Visit Iran? US com­pany says yes, de­spite ar­rests

There’s a lot to in­ter­est trav­el­ers

Kuwait Times - - INTERNATIONAL -

DUBAI: It is home to beau­ti­ful moun­tains, breath­tak­ing his­tor­i­cal build­ings and price­less art­work - but it’s also the sub­ject of strongly worded US State Depart­ment warn­ings. For Amer­i­cans, Iran may not be the first place that comes to mind when plan­ning a va­ca­tion, even decades af­ter the 1979 US Em­bassy takeover fol­low­ing the coun­try’s Islamic Rev­o­lu­tion. “Death to Amer­ica!” can still be heard at hard­line mosques and protests, and Ira­ni­ans with West­ern ties can face ar­bi­trary ar­rest.

How­ever, one lux­ury tour com­pany in the US is pro­mot­ing a new trip to the coun­try for those will­ing to take the risk, de­scrib­ing it as the first op­por­tu­nity to see an Iran open­ing up to the West af­ter last year’s nu­clear deal. “We feel that Iran is one of the most ex­cit­ing places that some­one can travel to at this point in time, given the cur­rent cli­mate in the coun­try and what sort of changes have been tak­ing place re­cently,” said Ste­fanie Sch­mudde, prod­uct man­ager of Amer­i­cas and Mid­dle East for the Down­ers Grove, Illi­nois-based tour com­pany Aber­crom­bie & Kent.

On pa­per, there’s a lot to in­ter­est trav­el­ers. The United Na­tions cul­ture agency lists 21 World Her­itage sites in Iran. They in­clude the ru­ins of Perse­po­lis and Pasar­gadae, the mosques and palace at Mei­dan Emam of Is­fa­han, and other sites in­cluded on the Illi­nois com­pany’s 12-day tour from $5,600. Iran has long drawn Shi­ite pil­grims to its holy sites, but lo­cal skiers and snow­board­ers also boast of its slopes, and the cap­i­tal, Tehran, en­joys a grow­ing mod­ern art scene. Iran says around 5 mil­lion tourists visit each year most com­ing from Iraq and other neigh­bor­ing coun­tries. Euro­peans have been com­ing to Iran, but Amer­i­cans rep­re­sent far less than 1 per­cent of all tourists. Many are doubt­less stay­ing away be­cause they as­so­ciate Iran with Mid­dle East con­flicts and anti-Amer­i­can rhetoric. But the Ira­nian gov­ern­ment, which is deeply sus­pi­cious of US in­ten­tions, has also made it dif­fi­cult for Amer­i­cans to se­cure tourism visas. Sch­mudde, who re­cently re­turned from a trip to Iran, com­pares the cur­rent open­ing to what is tak­ing place in Cuba, which un­like Iran has re­stored full diplo­matic re­la­tions with the US “There’s so few places that don’t have a strong Amer­i­can in­flu­ence, and Iran is one of those places,” she said. “You do get the sense you’re step­ping into an­other world, and that makes it com­pletely fas­ci­nat­ing to a trav­eler.” The State Depart­ment has a very dif­fer­ent per­spec­tive. “Ira­nian au­thor­i­ties con­tinue to un­justly de­tain and im­prison US ci­ti­zens, par­tic­u­larly Ira­nian-Amer­i­cans, in­clud­ing stu­dents, jour­nal­ists, busi­ness trav­el­ers and aca­demics, on charges in­clud­ing es­pi­onage and pos­ing a threat to na­tional se­cu­rity,” its Au­gust travel warn­ing reads . “US ci­ti­zens trav­el­ing to Iran should very care­fully weigh the risks of travel and con­sider post­pon­ing.”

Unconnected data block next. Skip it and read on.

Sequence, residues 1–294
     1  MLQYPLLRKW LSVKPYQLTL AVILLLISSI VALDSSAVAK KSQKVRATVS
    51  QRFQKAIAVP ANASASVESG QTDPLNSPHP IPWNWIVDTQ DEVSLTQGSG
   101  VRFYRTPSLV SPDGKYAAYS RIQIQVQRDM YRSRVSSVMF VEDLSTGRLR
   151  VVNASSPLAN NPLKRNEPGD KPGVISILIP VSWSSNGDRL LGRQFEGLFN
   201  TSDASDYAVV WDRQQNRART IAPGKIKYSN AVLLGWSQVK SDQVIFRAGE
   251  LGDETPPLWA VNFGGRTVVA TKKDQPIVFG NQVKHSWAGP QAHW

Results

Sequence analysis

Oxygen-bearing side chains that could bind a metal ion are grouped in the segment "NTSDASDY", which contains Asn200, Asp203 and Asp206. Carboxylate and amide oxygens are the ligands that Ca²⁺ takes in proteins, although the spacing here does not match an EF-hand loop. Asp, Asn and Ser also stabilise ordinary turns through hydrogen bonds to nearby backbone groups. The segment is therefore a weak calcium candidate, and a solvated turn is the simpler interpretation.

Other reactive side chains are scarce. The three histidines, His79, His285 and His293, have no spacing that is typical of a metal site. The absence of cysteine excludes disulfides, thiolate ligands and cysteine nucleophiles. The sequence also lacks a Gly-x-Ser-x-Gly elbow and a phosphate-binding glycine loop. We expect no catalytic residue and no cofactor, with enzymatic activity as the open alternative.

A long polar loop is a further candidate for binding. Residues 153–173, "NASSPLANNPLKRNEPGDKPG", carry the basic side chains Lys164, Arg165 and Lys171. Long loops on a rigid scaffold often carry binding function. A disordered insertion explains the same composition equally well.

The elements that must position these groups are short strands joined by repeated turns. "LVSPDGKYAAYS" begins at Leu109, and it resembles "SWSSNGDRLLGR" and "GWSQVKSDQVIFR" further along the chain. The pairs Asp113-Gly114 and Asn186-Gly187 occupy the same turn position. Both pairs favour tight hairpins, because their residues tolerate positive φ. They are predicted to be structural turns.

While Amer­i­can diplo­matic posts over­seas tend to see se­cu­rity as a glass half-empty, or even shat­tered on the floor, their con­cern in this case is rea­son­able. Iran and the US haven’t had for­mal diplo­matic re­la­tions since 1979, and a new round of ar­rests by hard­line fac­tions within Iran’s se­cu­rity ser­vices is tar­get­ing those with West­ern ties in the wake of the nu­clear ac­cord. Sch­mudde ac­knowl­edged those con­cerns and said any jour­nal­ists, peo­ple associated with the US gov­ern­ment and mil­i­tary per­son­nel ask­ing about the trip would be warned in ad­vance.

IS­FA­HAN, Iran: In this May 10, 2006 file photo, Ira­nian women wear the chador as they pass a tourist.

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